And I've done exactly that--I've created a good variety of champions, so that you can find a few champions you're crazy about, and be endlessly satisfied with those. To quote again (Jeff Jew, this time): "As a group of creative people, we look at it and think: What can we do with this, if we can make this the most awesome it could be without any constraints, what would that be?" That means pushing things to extremes, running with them, and not looking back. We don't want "just another mage champion," or "just another AD champion with inexplicable AP ratios on his kit, meaning that you'll never get full use out of their entire kit"--we want players to have access to "the ultimates": "the ultimate Inventor champion," "the ultimate Undead Warrior champion," and so on.


Quote:
Sure your way sounds more straight forward on paper, but in practice I don't think my preference any different from the justice league.
Not only does my way sound more straightforward (and functional) on paper--it's built from the ideals of Riot Games Inc. themselves. Peri and I have more or less taken the entire Champion Retrospective video and used it to prove just about every point we've made. It's not just from us--it's from the people at Riot, too.

Quote:
I wouldn't want batman to run reconnaissance in the Artic any more than I'd want super man to run reconnaissance in Gotham over Batman.

Batman is inherently better at it when in the right situation, but superman has to be able to fill in when batman would be unable too and vice versa.
The thing about Batman is that he's designed to be Batman--everything about him is Batman, and he's never diluted to be more like The Flash, or Captain Planet. Everything about Batman works towards this ideal of being "the ultimate superpower-less vigilante"--you'll never see Batman using laser vision to solve his problems, and it would more than raise a few eyebrows if he did.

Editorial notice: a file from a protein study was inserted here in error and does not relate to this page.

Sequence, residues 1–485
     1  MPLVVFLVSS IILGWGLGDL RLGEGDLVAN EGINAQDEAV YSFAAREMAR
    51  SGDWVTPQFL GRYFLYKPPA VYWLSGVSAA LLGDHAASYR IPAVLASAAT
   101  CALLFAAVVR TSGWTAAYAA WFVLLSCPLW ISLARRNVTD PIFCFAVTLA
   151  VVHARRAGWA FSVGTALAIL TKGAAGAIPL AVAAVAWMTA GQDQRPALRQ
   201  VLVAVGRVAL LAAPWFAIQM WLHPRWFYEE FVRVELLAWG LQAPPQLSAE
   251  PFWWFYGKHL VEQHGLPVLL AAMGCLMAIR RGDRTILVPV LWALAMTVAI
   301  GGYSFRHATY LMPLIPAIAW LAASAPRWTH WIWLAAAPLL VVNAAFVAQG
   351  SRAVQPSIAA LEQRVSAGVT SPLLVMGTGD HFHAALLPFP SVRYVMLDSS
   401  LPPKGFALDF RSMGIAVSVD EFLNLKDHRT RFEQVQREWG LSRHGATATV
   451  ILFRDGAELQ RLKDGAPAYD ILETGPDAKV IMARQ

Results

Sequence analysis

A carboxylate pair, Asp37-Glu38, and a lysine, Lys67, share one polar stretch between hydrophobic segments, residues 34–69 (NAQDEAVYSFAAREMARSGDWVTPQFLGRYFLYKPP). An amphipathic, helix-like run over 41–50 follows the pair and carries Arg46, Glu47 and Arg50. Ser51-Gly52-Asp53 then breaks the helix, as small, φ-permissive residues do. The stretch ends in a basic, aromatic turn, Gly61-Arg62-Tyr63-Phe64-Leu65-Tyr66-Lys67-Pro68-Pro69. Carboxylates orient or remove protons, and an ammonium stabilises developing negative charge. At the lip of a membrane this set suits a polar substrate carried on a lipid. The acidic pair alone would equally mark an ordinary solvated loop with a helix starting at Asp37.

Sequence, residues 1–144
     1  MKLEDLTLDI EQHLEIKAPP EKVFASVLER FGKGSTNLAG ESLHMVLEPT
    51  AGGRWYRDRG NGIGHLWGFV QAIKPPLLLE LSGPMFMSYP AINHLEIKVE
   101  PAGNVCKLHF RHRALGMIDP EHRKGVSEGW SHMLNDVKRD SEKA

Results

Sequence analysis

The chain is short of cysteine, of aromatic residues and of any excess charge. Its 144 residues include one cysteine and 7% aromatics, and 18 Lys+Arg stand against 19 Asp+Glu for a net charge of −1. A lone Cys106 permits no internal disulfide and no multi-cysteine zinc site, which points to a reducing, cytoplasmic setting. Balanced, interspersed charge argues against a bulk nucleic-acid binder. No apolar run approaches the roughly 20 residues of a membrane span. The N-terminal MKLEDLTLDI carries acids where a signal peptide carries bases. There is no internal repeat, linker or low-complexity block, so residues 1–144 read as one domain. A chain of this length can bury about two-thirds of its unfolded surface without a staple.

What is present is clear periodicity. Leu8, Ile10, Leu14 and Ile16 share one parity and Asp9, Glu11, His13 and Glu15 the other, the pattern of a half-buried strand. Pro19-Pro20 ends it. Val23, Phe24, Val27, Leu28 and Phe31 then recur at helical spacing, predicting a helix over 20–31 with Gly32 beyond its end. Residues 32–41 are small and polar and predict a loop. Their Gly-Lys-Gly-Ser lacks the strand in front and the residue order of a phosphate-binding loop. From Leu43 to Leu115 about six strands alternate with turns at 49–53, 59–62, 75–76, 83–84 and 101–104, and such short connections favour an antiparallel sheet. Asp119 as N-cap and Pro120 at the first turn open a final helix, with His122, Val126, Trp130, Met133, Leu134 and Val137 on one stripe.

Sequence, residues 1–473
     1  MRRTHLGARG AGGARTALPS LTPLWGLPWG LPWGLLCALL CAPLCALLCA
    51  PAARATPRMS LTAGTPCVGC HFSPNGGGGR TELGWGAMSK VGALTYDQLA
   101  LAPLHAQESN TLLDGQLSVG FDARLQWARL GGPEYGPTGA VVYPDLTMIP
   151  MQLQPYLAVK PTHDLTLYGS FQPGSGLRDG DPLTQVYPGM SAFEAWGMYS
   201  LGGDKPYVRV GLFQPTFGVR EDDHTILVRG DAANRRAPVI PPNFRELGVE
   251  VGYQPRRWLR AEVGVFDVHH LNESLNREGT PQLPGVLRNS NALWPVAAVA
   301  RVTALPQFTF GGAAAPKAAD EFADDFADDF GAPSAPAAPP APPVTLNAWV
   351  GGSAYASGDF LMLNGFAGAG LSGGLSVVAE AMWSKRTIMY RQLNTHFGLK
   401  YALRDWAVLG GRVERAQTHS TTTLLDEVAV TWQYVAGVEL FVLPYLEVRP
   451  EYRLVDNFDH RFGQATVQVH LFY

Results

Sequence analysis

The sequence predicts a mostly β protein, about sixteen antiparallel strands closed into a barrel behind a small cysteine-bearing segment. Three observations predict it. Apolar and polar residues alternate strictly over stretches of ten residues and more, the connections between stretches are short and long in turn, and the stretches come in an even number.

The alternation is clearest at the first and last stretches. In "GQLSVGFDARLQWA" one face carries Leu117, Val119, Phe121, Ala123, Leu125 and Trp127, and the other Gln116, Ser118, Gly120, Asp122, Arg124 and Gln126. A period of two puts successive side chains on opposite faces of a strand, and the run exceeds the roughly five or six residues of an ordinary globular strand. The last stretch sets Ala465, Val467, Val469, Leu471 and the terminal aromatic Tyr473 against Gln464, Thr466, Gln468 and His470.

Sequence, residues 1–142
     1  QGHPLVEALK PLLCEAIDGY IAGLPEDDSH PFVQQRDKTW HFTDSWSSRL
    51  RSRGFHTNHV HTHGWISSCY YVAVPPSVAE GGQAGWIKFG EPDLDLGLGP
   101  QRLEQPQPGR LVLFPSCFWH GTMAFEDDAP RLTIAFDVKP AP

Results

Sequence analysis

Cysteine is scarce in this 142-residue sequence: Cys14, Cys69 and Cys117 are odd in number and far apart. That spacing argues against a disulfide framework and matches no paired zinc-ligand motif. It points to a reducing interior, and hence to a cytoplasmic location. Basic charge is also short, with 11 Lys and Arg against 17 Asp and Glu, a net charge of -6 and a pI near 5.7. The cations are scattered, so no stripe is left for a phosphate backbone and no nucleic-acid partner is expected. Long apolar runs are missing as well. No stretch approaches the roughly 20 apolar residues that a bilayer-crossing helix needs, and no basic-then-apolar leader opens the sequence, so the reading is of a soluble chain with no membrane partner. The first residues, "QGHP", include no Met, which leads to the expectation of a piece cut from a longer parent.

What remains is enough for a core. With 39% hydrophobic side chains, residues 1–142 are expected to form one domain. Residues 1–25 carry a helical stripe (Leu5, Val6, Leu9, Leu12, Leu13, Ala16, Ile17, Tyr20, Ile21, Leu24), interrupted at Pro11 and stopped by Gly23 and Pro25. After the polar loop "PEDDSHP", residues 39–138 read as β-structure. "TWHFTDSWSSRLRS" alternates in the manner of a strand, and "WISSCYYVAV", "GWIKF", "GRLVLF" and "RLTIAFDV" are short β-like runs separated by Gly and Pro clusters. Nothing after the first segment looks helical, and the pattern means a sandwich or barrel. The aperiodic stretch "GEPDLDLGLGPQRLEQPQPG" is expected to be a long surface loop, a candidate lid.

Quote:
And to me there is a simple way to implement this.

In my ideal game if the enemy team has a character who frequently stops your usual support from being able to contribute effectively I want another character to take on that role where they will now succeed and have the current support change their strategy to make up for it in a different capacity where than can equitably succeed even if they aren't excelling and are forcibly faltering.
You're catching on to the "acting and reacting" play I focus so heavily on (beyond mere technical goodies, which is where Morello sees depth), but are forgetting one thing: with all of these redesigns, there is defined play, and defined counterplay. That means, if the enemy is making your support less effective, they are performing proper counterplay, and it should be rewarded. If your support could get the ball back in their court, so to speak--redesign!Morgana getting her allies to stick together, redesign!Mundo being able to go where he pleases, redesign!Teemo regaining control of the map--then they have successfully "reacted" to the enemy and thus should be rewarded for that.

If two champions have to switch roles just because one is doing poorly, that's poor design. That means that players aren't encouraged to keep count of their own defined strengths and weaknesses and play accordingly, and in general, that works against enriching the game. Anyone, when knocked down, should be able to get back up on their feet by recognizing their situation and acting accordingly--and it's their opponent's job to figure a way to knock them back down again. That's what makes competition fun, this dance of sorts between players (allies and enemies--as your allies can help you get the ball back in your court as well*).

*I think I may be misusing this metaphor, I know very little about basketball.

Quote:
Likewise for other roles.

Again it's a personal preference of mine that I want to see in game design, I'm not willing to argue about it being good or bad really.

It's not about "it'd be cool to do crazy stuff" it's "yes me picking this particular hero is right given the potential situation-s"

Battle modes come to mind.